Panix.com, the main domain name of New York Internet provider Public Access Networks, was apparently hijacked over the weekend, leaving customers of the company without e-mail and Web access for a day and a half.
Unknown parties managed to wrest the Panix.com domain away from the company between early morning Saturday and late Sunday, when the domain was returned to Panix, according to a statement on Panix.com. The company accused the hijackers of "multiple felonies" in violation of U.S. and other laws.
The site's registration was moved to a company in Australia, while the DNS records were moved to a company apparently based in the U.K., the company said. Panix.com's mail was redirected to a server in Canada. Panix officials were unable to contact the companies involved over the weekend because the companies did not have support or emergency numbers listed, Panix said.
"None of the systems exploited to perform this hijacking were under Panix's control," the company said on its Web site. "It's not supposed to be possible to transfer a domain name from one registrar to another without notifying both the current registrar and the current domain owner, and yet it happened anyway."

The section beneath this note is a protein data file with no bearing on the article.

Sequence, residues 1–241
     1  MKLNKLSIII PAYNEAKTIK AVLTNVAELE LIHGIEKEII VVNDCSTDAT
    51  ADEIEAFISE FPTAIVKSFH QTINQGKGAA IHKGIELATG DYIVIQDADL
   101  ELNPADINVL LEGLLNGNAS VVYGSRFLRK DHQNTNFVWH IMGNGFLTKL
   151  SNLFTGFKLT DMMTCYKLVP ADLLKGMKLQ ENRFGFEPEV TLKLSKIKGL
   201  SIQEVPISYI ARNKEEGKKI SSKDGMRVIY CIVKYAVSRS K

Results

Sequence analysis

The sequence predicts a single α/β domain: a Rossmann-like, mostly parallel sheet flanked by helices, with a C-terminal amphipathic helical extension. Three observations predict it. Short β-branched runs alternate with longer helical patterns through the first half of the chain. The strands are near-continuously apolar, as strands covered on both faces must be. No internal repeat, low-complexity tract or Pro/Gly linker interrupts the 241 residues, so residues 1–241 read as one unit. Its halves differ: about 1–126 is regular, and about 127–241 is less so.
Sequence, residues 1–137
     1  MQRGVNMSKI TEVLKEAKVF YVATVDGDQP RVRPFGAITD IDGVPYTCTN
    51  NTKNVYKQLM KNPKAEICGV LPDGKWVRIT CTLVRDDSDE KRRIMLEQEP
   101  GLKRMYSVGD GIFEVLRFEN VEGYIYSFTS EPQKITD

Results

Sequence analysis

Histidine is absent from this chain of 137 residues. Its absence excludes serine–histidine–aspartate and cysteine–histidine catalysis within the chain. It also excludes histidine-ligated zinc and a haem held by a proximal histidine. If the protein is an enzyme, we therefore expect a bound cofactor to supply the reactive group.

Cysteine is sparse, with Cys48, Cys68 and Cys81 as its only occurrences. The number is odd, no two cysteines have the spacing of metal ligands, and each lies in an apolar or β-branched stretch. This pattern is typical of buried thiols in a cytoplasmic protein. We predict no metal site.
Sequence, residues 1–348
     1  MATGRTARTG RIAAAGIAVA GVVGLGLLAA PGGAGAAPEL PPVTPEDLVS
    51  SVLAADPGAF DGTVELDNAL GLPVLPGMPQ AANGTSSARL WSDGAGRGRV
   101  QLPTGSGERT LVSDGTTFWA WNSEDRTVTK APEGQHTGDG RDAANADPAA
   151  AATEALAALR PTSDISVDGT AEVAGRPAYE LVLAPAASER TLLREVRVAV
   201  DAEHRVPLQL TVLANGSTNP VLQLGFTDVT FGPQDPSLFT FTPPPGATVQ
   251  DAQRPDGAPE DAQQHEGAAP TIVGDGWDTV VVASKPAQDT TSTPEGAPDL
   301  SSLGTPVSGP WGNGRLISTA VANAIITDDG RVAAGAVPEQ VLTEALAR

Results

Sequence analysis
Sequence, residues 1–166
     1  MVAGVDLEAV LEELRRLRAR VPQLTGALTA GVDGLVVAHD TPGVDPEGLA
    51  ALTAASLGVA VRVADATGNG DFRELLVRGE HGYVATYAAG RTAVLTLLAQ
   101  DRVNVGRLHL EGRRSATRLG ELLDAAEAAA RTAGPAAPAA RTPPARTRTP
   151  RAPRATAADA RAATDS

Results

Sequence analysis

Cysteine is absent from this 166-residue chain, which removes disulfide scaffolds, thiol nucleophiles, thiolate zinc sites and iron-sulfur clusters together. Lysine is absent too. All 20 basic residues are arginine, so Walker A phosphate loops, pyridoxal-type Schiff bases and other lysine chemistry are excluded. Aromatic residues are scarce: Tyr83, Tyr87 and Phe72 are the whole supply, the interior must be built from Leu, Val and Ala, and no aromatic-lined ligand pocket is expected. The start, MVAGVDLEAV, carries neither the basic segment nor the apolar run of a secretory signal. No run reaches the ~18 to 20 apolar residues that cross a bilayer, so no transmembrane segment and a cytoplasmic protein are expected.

Panix.com officials expected some problems to persist until Monday evening in the U.S. The company directed customers to use the Panix.net Web site and e-mail domain if they experienced problems Monday.
Law enforcement agencies in the U.S. and at least three other countries are working on the case, Panix added. Company officials did not immediately return a phone and an e-mail message Monday.